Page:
Here we are signing the collaboration agreement, the three headmasters and myself.
Signing the agreement about collaboration (Photo Ove Jonny Lillestøl)

CFP – HCC13: This Changes Everything

CFP for the 13th IFIP TC9 Human Choice and Computers Conference: “This Changes Everything”, to be held in Poznan, Poland, 19th-21st September 2018
Conference Chairs: David Kreps, Kai Kimppa, Louise Leenen, Charles Ess

Gender is of course a relevant topic in general for a conference like this, but there is also a track on “Gender in ICT” (Track chairs: Sisse Finken, Christina Mörtberg and Johanna Sefyrin), connected to the (sleeping)  working group (WG9.8) on Gender, Diversity and ICT.

Send your full paper before January 15, and perhaps we can revive the sleeping WG9.8 together 🙂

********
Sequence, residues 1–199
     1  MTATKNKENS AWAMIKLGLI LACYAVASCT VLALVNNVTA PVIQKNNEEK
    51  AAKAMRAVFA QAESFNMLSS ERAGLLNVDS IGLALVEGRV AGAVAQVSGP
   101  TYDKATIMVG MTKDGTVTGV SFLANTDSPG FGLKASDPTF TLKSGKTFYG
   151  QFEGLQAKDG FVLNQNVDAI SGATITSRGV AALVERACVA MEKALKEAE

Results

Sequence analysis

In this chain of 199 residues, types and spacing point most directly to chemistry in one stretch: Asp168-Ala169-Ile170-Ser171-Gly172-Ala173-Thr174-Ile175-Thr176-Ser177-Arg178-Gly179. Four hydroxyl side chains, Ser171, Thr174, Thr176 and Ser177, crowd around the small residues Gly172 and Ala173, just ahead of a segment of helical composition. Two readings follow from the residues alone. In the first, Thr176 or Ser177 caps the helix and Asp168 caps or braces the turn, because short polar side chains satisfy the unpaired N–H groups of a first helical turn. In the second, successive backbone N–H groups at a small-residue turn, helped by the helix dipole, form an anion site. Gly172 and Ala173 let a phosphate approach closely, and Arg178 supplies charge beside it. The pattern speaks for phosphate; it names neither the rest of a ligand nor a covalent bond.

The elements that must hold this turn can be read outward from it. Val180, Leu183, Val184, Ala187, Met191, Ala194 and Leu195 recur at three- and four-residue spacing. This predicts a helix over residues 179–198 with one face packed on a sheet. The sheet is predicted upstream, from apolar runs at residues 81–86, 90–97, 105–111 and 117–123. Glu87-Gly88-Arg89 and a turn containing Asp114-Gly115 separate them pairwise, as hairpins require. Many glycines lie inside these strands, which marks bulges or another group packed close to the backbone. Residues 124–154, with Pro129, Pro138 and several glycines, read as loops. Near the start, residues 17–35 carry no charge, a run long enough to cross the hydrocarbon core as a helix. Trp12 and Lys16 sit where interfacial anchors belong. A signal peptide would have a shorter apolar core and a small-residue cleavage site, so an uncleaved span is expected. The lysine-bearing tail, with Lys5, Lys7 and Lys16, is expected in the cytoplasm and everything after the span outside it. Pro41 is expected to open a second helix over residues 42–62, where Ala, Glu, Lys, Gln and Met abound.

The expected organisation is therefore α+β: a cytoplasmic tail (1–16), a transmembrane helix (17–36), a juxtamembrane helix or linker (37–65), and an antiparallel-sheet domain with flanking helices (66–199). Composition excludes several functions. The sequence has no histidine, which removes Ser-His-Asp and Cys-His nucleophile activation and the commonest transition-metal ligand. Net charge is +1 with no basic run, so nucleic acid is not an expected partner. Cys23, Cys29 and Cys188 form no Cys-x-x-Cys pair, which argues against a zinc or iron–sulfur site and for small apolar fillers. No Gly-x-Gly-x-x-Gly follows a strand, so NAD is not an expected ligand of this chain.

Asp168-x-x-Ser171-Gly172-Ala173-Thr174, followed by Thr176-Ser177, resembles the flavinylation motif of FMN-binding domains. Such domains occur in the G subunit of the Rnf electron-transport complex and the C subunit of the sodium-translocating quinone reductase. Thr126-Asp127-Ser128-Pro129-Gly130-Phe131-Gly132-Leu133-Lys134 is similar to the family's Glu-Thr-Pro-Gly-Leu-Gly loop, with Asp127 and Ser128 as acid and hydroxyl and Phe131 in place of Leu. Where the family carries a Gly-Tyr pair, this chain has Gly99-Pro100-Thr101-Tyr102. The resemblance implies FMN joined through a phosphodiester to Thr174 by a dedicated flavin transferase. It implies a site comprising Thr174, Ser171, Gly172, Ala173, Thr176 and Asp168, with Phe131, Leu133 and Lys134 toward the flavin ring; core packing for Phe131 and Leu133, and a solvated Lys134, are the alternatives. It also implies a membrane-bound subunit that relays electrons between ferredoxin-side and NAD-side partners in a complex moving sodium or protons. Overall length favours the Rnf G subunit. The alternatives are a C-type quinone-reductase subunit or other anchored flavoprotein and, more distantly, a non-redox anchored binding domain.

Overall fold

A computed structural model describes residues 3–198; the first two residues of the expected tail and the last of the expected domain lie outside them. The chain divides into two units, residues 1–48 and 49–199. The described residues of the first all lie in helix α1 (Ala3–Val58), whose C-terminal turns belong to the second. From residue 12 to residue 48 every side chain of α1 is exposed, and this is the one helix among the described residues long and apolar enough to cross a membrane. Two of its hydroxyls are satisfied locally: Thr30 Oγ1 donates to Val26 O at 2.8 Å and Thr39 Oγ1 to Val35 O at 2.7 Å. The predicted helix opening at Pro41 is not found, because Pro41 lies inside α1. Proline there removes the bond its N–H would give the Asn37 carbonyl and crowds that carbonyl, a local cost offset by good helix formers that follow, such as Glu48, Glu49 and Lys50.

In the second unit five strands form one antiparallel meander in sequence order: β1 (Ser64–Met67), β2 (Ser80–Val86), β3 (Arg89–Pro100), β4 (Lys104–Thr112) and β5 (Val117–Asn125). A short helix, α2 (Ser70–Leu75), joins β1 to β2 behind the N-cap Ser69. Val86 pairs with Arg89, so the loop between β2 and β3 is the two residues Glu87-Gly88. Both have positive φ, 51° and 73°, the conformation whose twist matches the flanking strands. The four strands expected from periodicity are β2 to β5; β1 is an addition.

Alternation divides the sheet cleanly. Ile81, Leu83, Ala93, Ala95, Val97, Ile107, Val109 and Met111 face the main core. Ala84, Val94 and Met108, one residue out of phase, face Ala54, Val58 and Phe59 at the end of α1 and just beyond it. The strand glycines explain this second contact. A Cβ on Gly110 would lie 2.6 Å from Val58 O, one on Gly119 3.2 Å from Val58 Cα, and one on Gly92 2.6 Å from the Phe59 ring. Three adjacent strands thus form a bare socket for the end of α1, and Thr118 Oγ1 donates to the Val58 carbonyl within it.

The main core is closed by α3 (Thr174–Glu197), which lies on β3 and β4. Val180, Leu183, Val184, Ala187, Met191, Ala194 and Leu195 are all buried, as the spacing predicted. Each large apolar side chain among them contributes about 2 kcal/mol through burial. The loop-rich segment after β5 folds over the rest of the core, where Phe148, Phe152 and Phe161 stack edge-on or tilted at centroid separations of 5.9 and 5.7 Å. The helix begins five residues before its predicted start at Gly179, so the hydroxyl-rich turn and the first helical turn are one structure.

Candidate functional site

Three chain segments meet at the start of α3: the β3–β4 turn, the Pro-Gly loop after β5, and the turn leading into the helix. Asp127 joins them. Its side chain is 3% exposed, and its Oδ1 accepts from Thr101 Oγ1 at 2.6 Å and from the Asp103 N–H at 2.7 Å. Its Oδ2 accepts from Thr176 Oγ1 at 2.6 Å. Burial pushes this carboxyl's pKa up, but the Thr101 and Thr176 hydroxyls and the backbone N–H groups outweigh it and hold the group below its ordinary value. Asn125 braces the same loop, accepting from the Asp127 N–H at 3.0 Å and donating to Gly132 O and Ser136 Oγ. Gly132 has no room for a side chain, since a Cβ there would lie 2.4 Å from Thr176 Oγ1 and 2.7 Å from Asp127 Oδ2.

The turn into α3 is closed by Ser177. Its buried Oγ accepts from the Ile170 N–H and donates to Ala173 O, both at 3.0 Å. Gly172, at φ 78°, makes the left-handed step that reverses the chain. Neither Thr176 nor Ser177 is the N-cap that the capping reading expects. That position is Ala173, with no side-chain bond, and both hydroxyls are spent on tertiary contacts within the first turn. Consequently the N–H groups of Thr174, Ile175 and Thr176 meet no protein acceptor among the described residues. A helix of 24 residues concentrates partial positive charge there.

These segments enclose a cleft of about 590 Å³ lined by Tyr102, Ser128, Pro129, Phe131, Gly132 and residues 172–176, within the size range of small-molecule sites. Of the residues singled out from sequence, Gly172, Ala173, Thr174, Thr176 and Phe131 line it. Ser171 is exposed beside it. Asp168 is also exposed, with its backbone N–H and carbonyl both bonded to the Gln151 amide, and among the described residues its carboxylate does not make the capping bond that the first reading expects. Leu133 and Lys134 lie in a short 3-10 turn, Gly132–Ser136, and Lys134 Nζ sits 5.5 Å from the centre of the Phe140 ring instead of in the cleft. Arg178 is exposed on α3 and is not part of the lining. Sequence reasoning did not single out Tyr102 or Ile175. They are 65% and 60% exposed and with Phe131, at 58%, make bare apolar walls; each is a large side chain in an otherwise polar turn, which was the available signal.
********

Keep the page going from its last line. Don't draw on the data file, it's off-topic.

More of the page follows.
This conference will also be part of the 24th IFIP World Computer Congress!
 

 

Source: Call For Papers – HCC13: This Changes Everything

“Increasing Number of Women in Computing Hinges on Changes in Culture, Not Curriculum”

Carol Frieze (left) and Jeria Quesenberry – Photo www.cmu.edu

Fewer women than men pursue computer science, but correcting that imbalance won’t be accomplished via quick fixes or by making coursework less strenuous. Rather, the culture of computer science departments must change, as outlined in a new book, “Kicking Butt in Computer Science: Women in Computing at Carnegie Mellon University.

Source: Increasing Number of Women in Computing Hinges on Changes in Culture, Not Curriculum

“start by empowering a girl you know”

8 ways you can empower girls to learn coding

1. Know the specific barriers we need to overcome.
2. Start with concrete first steps in your own life.

The lack of women and girls in computer science is a well-documented problem. Now it’s time for the average person to finally do something about it.

Addressing the issue of girls and coding in your community doesn’t require you to start your own nonprofit or advocacy organization. In fact, you can start very small, like choosing to empower a girl you know.